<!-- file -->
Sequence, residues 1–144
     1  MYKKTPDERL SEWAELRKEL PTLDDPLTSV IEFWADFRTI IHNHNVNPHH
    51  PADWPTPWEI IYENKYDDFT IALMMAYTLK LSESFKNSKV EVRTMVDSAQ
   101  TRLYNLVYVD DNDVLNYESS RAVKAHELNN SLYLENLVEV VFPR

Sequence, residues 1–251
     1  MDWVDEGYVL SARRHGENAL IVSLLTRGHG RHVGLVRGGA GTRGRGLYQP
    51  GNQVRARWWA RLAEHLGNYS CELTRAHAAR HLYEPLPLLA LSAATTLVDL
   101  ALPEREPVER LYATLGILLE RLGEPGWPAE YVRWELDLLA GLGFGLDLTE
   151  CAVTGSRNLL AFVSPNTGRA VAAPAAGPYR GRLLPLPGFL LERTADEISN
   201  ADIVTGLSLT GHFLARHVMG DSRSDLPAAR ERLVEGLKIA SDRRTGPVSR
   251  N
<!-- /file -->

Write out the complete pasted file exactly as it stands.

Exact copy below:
Sequence, residues 1–144
     1  MYKKTPDERL SEWAELRKEL PTLDDPLTSV IEFWADFRTI IHNHNVNPHH
    51  PADWPTPWEI IYENKYDDFT IALMMAYTLK LSESFKNSKV EVRTMVDSAQ
   101  TRLYNLVYVD DNDVLNYESS RAVKAHELNN SLYLENLVEV VFPR

Sequence, residues 1–251
     1  MDWVDEGYVL SARRHGENAL IVSLLTRGHG RHVGLVRGGA GTRGRGLYQP
    51  GNQVRARWWA RLAEHLGNYS CELTRAHAAR HLYEPLPLLA LSAATTLVDL
   101  ALPEREPVER LYATLGILLE RLGEPGWPAE YVRWELDLLA GLGFGLDLTE
   151  CAVTGSRNLL AFVSPNTGRA VAAPAAGPYR GRLLPLPGFL LERTADEISN
   201  ADIVTGLSLT GHFLARHVMG DSRSDLPAAR ERLVEGLKIA SDRRTGPVSR
   251  N